People in Illinois who decide to divorce may soon see their friends taking a similar path, according to one study. The research, conducted by social scientists at Harvard University, Brown University and the University of California at San Diego, backs up a common social belief that divorce can be “contagious.” Observed anecdotally among many groups of friends, people often see one friend divorce followed by several others. There are a number of reasons why this can occur, partially because people staying in an unhealthy marriage through a sense of inertia are inspired to move forward when seeing their friends’ journeys.
Statistics show that people are 75 percent more likely to divorce after a friend divorces. Even when a friend of a friend divorces, spouses in their social circle are 33 percent more likely to separate themselves. When someone sees a friend divorce, they may be more likely to question their willingness to remain in an unhappy marriage. In addition, newly divorced friends may enjoy a single life with new relationships and interests, and this can be appealing to people who have spent years in an unfulfilling marriage.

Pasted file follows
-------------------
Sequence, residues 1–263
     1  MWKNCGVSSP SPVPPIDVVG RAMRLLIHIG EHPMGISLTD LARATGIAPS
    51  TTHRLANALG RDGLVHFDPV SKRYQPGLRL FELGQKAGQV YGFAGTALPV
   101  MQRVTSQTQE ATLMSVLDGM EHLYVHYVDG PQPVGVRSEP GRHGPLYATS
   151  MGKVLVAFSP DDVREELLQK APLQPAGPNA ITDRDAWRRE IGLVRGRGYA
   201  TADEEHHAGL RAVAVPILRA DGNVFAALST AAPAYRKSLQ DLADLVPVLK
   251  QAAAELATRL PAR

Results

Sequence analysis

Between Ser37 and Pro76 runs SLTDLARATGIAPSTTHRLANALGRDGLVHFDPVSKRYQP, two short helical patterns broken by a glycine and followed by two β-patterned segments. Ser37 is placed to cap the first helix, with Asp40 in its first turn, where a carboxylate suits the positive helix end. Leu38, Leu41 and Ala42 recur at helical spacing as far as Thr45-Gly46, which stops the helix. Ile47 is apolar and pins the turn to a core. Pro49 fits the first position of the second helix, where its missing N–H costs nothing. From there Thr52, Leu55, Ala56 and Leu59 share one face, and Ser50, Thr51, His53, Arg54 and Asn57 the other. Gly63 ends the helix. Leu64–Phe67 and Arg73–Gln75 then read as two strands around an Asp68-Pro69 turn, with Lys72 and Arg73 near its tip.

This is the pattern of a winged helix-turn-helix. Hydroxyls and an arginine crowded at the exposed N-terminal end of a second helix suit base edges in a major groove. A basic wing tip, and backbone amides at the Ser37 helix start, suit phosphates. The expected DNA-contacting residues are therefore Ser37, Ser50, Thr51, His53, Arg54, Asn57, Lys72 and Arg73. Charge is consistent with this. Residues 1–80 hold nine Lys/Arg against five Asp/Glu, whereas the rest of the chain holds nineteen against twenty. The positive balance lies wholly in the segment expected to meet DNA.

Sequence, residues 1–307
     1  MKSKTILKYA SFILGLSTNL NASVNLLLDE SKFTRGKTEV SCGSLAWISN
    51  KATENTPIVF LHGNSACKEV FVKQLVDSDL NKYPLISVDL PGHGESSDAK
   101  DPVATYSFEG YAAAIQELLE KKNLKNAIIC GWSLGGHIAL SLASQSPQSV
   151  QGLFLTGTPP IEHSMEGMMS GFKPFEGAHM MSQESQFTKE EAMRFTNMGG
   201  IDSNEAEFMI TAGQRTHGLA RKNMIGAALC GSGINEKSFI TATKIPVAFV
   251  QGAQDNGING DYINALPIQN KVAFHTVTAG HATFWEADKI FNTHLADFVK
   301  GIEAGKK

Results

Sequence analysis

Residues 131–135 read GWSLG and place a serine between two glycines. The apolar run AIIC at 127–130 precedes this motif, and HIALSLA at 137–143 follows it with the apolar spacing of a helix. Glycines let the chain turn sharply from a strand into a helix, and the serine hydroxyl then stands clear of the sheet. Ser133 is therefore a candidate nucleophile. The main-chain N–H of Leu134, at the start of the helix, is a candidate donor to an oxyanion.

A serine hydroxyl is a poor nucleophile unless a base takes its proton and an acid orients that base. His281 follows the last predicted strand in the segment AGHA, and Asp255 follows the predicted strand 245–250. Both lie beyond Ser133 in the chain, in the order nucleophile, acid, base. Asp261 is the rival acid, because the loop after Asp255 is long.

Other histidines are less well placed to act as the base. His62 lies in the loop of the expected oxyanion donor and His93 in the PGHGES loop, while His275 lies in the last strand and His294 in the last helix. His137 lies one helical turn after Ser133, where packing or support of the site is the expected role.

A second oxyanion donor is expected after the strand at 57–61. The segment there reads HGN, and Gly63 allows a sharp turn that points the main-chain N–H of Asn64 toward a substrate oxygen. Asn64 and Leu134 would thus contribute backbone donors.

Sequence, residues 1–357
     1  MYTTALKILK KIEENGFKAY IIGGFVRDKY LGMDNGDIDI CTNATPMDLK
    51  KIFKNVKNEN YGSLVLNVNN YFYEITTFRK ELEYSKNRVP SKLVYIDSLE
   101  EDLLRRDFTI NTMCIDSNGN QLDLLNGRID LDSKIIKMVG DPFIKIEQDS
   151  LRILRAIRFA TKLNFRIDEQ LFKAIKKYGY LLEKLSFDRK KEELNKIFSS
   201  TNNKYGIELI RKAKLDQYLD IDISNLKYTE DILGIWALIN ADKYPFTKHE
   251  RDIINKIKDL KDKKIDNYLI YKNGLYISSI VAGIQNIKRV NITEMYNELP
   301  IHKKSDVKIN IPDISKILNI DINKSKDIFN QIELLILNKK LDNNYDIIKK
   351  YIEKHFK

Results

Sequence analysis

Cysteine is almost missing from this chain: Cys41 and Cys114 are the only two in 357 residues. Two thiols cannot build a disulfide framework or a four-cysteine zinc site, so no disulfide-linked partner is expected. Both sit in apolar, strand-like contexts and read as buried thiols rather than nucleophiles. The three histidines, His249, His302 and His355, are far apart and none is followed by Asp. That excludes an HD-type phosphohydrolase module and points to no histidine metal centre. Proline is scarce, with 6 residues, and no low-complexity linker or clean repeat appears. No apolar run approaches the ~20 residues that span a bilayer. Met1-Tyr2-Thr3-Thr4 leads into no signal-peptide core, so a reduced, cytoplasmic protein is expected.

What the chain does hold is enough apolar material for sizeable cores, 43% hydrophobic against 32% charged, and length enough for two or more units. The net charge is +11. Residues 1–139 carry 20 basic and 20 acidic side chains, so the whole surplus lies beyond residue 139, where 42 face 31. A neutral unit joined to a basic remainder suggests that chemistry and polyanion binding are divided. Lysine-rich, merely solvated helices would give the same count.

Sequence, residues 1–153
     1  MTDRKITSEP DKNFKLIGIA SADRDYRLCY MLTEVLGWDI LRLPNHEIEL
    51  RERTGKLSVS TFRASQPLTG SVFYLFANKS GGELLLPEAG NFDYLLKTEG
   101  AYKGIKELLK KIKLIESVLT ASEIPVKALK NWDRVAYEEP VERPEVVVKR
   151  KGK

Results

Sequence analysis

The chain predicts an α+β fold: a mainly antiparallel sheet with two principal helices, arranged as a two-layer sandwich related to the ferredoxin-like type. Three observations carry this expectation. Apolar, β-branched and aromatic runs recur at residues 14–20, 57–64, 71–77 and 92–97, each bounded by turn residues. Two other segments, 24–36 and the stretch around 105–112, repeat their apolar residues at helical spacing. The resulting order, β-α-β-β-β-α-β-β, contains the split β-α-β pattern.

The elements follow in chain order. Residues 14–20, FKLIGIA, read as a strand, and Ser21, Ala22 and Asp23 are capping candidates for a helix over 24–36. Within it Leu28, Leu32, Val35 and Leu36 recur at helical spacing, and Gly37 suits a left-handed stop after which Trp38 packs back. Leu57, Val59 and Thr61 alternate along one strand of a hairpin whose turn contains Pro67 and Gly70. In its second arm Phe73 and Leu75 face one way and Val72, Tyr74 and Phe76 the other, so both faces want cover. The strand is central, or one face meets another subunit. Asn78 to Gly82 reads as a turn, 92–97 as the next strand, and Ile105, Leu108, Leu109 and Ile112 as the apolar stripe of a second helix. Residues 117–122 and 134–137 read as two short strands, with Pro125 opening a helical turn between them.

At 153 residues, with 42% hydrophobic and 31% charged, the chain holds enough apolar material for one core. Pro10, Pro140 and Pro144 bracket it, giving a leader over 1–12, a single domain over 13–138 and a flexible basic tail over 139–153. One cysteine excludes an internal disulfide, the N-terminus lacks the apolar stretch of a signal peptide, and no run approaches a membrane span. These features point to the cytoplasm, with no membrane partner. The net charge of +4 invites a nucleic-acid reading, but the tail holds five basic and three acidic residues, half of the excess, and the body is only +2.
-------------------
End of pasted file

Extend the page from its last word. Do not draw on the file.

Some people who divorce report that their married friends avoid them during this period, perhaps to avoid this supposed social contagion. People with uncomfortable marriages may be more likely to do so, especially if they want to remain in their relationships. However, it is far from a certainty that friends of divorcing people will also divorce. Those with stronger relationships may be prompted to have conversations about how to improve their intimacy and sense of connection.
People can also learn about the legal, financial and practical sides of divorce by witnessing their friends’ separations. A family law attorney can consult with a person thinking about divorce and provide guidance regarding property division, child custody and other key matters.